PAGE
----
Do you ever feel this way?
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Old 10-17-2010, 01:56 PM
 
Location: Interior AK
4,729 posts, read 8,637,848 times
Reputation: 3359
From my personal experiences with therapists... ditch the one that has little or no experience with ASD and find one that does. Not that NT therapists don't have great and wonderful insight, because they do; but they are completely out of their league when it comes to the quirks of an ASD mind. It's like trying to give someone directions using the wrong map.

I've had (NT) therapists leave me feeling guilty and vaguely "wrong" for being and thinking my Aspergers way... because, well, compared to an NT we're abnormal, so the therapist is trying to "fix" us and make use "normal". That's their job and how they've been trained for the most part. A truly perceptive and receptive therapist, especially one who's worked with ASD patients, is a true blessing and a completely different experience.

As for "child bucket" and "adult bucket" --- pshaw!! Your daughter is intelligent and inquisitive enough to have discovered these things and understand them enough to ask for more information on her own... better she get the honest answers from you, because she'll do the research on her own if it's become a new special interest and she may come across related information that is inaccurate or really is outside her maturity level.
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Old 10-17-2010, 05:33 PM
 
18,852 posts, read 31,727,414 times
Reputation: 26118
I would find another therapist if I was you. Did you interview her about her background in special education, and with children who have ASD? Therapists are not to tell you what to do...they listen to you, and assist you with finding your own choices.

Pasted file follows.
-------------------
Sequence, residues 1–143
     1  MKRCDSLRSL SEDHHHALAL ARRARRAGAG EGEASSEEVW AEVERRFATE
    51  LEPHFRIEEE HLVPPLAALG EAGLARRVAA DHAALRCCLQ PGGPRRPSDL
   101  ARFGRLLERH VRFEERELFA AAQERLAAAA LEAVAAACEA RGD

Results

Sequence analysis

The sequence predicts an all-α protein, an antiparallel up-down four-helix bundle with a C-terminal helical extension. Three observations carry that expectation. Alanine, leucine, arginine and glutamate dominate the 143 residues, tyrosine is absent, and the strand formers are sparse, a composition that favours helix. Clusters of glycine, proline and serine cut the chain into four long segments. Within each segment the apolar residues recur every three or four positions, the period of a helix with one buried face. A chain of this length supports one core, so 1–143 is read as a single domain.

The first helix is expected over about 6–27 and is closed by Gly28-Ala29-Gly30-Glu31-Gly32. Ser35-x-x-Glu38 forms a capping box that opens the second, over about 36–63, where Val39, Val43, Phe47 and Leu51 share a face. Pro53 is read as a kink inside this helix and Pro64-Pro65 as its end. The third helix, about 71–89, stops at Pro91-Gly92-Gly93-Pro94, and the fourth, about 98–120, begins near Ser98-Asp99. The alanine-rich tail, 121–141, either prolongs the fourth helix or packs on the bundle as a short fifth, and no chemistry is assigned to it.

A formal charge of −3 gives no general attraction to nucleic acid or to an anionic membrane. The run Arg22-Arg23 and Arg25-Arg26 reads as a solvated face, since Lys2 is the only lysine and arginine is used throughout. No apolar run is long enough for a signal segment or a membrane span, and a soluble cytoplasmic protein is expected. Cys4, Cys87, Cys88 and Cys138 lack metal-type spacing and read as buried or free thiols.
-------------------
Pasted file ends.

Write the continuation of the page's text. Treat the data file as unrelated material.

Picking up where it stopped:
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Old 10-17-2010, 06:25 PM
 
74 posts, read 180,158 times
Reputation: 108
Thanks guys---my child is ADHD with other LDs--I am not familiar with your terminology--ASD or NT--can you explain?

This therapist came highly recommended so I may give her a second chance but yes, after the dust settled, the warning bells came on loudly. My gosh if I have to worry about being judged in therapy--forget about it. I am stressed enough. It's like having to worry that my cleaning lady is going to think less of me because she thinks I am messy!!!!!!! :-)
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Old 10-17-2010, 06:33 PM
 
Location: Interior AK
4,729 posts, read 8,637,848 times
Reputation: 3359
Sorry about that.

ASD = Autism Spectrum Disorder, the entire range from high-functioning to drastically impaired
NT = neuro-typical (i.e. "normal"), someone without autism or learning/developmental difficulties

Given your description, I assumed your daugther was on the autism spectrum... and she may be, ADHD plus one or more LDs is a common combination in undiagnosed/misdiagnosed ASD cases. Not saying that she is, just that she might be and that wouldn't be uncommon.
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Old 10-17-2010, 06:36 PM
 
Location: Coastal New Jersey
56,107 posts, read 54,597,263 times